Rating: 4.5 stars
Buy Link:
Amazon | iBooks | Amazon UK
Length: Novel

 

Valentine Anzio hasn’t been back home to the small town of Minerva in 15 years. He never wanted to return, but as a criminal investigator, he’s summoned there to help solve the murder of Jacapo, the well-loved toymaker in town. Nightmares are all Valentine thinks of when he remembers his home life as a kid. The one bright spot was Devere, the toymaker’s son, but Valentine squashed that light years ago and he’s hopeful that Devere won’t remember, because if Devere confronts him, Valentine isn’t sure his splintered thoughts will be able to take it.

There’s a powerful lord in Minerva, the same one that is paying Valentine’s fee, and he wants everything from Valentine, more than Valentine is willing to give. And, it seems that the town has already condemned Devere for the murder of his own father. Valentine knows Devere didn’t kill his father, he couldn’t possibly, and while the chemistry is still electric between the men, Devere remembers everything and hates Valentine for all of it.

Valentine is dedicated to the truth and, if he doesn’t clear Devere’s name, Devere will hang for murder. Both men are lonely and both men want a life together beyond Minerva, but the town has its hold on them and they may never be able to leave to fulfill that dream.

Set in the same world as Nash’s The Final Masquerade, The Toymaker’s Son is filled with twists and turns. The world building here is it own character as Valentine returns to his hometown and the book also has light tones of retelling a well-known fairy tale. Nothing is as it seems in Minerva, and when Valentine sees Devere behind the counter at the fantastical toy store, his unpleasant childhood comes rushing back. Devere remembers everything about Valentine and hasn’t forgotten the hurt and humiliation inflicted on him and there is no way that Devere is going to help Valentine. But Valentine and Devere’s path cross again and again as Valentine is determined to find out what happened to Jacapo.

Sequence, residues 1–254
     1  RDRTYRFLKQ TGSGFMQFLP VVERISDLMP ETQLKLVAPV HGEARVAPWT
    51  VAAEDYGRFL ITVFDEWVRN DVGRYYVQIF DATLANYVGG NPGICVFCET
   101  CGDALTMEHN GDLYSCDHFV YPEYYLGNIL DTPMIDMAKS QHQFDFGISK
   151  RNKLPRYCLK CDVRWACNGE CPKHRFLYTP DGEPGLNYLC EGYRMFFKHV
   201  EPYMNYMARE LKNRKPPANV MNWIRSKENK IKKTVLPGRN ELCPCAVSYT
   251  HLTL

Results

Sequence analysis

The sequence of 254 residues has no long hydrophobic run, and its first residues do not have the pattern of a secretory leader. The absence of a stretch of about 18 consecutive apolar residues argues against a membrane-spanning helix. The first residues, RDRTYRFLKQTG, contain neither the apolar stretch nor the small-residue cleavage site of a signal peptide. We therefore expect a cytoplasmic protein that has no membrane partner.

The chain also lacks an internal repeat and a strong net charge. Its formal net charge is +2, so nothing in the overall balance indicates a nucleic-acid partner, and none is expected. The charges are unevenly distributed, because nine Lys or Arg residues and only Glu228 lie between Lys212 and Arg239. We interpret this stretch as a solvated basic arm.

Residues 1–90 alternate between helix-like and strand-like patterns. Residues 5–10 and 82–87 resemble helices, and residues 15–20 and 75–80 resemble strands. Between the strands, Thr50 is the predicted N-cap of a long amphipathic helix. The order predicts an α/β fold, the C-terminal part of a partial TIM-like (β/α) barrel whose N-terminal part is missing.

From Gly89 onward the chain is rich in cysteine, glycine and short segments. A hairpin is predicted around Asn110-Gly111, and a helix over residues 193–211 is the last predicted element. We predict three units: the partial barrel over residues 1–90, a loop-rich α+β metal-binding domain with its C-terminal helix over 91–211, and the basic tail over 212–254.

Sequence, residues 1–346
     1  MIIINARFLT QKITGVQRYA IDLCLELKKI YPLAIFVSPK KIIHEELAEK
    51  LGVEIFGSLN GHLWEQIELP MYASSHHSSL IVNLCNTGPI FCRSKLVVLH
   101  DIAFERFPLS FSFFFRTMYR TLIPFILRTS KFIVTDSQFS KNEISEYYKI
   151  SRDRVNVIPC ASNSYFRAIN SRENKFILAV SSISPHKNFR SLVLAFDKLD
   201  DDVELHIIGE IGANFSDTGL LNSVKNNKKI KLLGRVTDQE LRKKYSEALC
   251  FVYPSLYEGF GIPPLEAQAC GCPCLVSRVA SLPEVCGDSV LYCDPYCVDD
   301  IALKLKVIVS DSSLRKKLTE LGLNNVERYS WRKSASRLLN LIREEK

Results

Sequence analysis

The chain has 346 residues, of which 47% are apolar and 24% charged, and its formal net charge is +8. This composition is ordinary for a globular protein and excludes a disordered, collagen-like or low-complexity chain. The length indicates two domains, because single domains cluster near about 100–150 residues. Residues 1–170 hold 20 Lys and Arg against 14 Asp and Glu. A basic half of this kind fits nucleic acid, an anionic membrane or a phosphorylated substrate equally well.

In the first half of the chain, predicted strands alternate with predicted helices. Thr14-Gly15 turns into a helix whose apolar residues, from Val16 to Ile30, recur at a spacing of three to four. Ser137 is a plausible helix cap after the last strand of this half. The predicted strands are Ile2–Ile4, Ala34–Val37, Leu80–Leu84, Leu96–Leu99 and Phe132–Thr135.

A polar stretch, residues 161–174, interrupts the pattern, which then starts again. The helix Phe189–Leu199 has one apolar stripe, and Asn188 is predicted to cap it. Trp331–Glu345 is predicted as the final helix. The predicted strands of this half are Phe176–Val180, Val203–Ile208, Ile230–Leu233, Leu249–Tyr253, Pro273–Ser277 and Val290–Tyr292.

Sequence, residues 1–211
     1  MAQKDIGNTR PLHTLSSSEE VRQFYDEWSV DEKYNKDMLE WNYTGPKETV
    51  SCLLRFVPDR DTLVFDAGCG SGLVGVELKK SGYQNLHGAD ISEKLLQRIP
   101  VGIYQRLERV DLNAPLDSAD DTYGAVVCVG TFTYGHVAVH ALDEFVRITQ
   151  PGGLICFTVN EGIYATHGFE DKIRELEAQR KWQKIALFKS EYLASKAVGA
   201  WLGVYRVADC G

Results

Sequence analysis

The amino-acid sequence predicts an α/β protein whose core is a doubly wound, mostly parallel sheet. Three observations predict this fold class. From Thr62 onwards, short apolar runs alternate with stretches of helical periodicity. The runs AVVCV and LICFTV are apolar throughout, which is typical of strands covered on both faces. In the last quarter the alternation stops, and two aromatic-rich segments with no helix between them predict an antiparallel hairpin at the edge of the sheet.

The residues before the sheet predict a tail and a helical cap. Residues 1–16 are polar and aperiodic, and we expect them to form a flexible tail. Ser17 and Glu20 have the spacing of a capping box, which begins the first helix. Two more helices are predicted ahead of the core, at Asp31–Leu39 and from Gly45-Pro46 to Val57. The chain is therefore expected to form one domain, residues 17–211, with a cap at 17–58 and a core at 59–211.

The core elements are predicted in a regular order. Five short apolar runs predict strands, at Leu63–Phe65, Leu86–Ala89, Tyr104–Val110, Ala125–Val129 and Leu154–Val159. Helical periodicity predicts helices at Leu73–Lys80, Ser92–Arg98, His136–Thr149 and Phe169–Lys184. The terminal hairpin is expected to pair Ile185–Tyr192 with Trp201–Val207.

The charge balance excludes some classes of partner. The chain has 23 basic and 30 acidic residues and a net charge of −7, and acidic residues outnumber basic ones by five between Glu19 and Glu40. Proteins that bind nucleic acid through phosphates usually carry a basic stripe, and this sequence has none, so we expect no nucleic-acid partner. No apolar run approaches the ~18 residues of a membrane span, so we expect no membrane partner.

Personally, I don’t always like books that rely heavily on fae characters and that was no exception here. However, this book is endlessly readable. It is filled with Nash’s vivid imagination to a fantasy world that just when you think you know where it’s going, the landscape changes and then changes again as the pieces reset. There were a lot of intricate parts of this story to weave together, along with the intricacies of each character, and the main plot line kept the anticipation high, even when I didn’t realize it was.

There are dark moments in this book and plenty of moments that cannot be revealed before reading and, while the men get a HEA, it will make you question everything that came before it. I like that Nash’s books transport me right into the story and, while I also like that they give me something to think about after, here I have some questions that I would have preferred more concrete answers to. For readers that like the twists of not knowing where a book will land, The Toymaker’s Son, is the book you want.